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Utah/s principal influence

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Posted: Wednesday, January 21, 2004 12:00 am

Some principals spend the school day in their office and only make appearances for faculty meetings or assemblies. Not Mount Logan Middle School Principal Dan Johnson.

"Where I came from, you never saw the principal," said alternative middle school teacher Scott Belnap, who taught for 11 years in Las Vegas before joining the faculty at Mount Logan this year. "Dan is always saying /Thanks for being here./ That means so much."

Johnson, who was named Utah/s Secondary Principal of the Year on Tuesday by the Utah State Board of Education, can often be found in the halls talking to students or in the classrooms with the teachers.

Executive Secretary Elsa Akina has worked with Johnson for six years, and has seen the affects of Johnson/s supportive leadership and camaraderie with the faculty.

"He makes you feel like you are the number-one priority even though there are a million other people there," Akina said. "He pushes you. He sees potential in every individual and builds upon it."

Belnap agreed.

A lot of times principals distance themselves from the teachers, creating a sense of division between administration and the faculty. Johnson goes out of his way to make sure that is not the case at Mount Logan, Belnap said.

"He makes you feel like the most important person here," Belnap said. "That/s vital to the staff. That means more to me than money."

Logan City School District Superintendent Richard Jensen praised Johnson for his leadership and commitment to providing a quality education for students and a superior work environment for teachers.

Over the years, Johnson has applied for numerous grants to help fund everything from classroom computers to the district/s after-school programs.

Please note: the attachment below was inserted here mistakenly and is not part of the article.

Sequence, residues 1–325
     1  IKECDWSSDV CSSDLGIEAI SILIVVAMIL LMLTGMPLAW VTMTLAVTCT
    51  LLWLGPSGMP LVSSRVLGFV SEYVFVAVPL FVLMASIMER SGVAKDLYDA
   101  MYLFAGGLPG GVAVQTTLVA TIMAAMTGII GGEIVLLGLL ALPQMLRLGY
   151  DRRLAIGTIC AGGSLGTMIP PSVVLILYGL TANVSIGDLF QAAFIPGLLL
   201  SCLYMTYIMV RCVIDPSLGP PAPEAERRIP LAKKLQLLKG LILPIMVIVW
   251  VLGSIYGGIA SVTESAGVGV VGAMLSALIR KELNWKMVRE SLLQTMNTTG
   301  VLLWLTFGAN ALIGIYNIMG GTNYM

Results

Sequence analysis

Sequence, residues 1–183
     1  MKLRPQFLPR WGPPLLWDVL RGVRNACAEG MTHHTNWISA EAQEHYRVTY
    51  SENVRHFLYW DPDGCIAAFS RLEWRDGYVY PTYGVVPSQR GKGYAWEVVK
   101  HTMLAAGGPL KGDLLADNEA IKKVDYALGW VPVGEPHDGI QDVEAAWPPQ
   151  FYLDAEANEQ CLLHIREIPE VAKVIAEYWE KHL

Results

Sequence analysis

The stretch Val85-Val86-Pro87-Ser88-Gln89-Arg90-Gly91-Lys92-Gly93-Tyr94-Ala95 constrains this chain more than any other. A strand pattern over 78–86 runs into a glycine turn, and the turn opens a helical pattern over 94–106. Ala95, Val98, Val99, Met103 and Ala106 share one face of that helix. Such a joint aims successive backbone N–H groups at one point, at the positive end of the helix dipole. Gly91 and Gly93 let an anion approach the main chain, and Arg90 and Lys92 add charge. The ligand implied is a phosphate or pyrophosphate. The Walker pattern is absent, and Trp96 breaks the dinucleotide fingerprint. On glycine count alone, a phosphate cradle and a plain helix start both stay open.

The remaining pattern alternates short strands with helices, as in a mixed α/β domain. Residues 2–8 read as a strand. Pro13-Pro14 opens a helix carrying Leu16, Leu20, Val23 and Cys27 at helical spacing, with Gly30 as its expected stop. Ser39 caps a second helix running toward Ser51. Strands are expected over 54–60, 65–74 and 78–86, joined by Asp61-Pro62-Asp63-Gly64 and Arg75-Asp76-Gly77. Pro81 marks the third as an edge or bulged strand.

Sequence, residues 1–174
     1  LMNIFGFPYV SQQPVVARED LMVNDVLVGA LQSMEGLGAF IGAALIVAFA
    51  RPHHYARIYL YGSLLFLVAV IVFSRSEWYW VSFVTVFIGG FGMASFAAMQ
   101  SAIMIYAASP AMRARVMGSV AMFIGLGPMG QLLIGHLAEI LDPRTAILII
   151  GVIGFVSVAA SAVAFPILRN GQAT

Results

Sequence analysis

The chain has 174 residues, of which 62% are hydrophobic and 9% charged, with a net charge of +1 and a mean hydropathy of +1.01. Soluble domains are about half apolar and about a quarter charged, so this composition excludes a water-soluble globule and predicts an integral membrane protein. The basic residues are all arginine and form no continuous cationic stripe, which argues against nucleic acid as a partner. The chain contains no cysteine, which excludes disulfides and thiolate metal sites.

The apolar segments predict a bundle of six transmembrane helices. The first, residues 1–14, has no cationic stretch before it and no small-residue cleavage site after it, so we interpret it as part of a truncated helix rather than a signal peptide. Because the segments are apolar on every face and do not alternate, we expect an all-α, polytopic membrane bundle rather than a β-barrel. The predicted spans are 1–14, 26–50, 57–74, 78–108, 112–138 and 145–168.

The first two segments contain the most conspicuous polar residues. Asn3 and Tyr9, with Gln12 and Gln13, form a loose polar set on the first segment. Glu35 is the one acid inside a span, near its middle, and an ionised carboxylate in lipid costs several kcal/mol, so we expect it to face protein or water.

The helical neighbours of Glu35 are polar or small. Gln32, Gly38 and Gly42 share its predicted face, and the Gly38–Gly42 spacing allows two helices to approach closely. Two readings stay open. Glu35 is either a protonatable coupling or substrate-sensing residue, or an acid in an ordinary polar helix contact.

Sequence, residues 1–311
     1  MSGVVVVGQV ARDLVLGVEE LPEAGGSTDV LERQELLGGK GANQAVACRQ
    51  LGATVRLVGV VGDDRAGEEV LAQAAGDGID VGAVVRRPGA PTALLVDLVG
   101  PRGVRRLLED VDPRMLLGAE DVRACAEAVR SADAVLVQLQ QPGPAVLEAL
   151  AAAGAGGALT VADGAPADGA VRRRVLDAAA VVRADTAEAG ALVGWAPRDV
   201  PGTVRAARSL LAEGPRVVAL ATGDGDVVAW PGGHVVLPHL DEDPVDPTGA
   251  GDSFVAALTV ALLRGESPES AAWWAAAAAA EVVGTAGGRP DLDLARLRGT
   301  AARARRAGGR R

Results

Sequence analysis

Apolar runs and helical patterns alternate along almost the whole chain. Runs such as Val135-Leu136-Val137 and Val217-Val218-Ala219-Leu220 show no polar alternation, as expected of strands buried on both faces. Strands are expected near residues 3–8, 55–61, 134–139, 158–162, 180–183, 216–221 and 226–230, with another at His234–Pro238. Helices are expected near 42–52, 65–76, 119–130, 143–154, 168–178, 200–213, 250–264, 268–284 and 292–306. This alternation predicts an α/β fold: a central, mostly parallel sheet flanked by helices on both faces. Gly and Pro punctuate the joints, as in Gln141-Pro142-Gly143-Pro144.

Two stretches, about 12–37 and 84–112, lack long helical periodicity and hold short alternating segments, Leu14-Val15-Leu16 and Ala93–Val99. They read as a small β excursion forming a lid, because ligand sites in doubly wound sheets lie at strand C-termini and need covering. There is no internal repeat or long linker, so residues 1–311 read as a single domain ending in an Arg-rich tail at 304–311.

"He is just an outstanding administrator that is sensitive about teachers and their needs," Jensen said.

Akina said there isn/t anything Johnson wouldn/t do for the students, faculty and staff at Mount Logan Middle School. He comes in early and stays late, applies for grants and other federal and state money to implement programs and purchase materials and encourages teachers to follow suit.

"He never asks anything of anybody that he wouldn/t do himself or hasn/t done himself," Akina said.

When the building was being renovated several years ago, Akina remembers Johnson coming in on a Saturday to help with last-minute projects before school opened.

"There he was in his neatly pressed jeans and shiny shoes," Akina joked.

Johnson is known for his meticulous attire 77 usually a suit and a tie on school days.

Little things like that are what make Johnson such a great principal, Akina said. She knows Johnson/s catch phrase by heart: "Because it/s the right thing to do."

"Whether it/s for the kids or staff," Akina said, "he always does the right thing."

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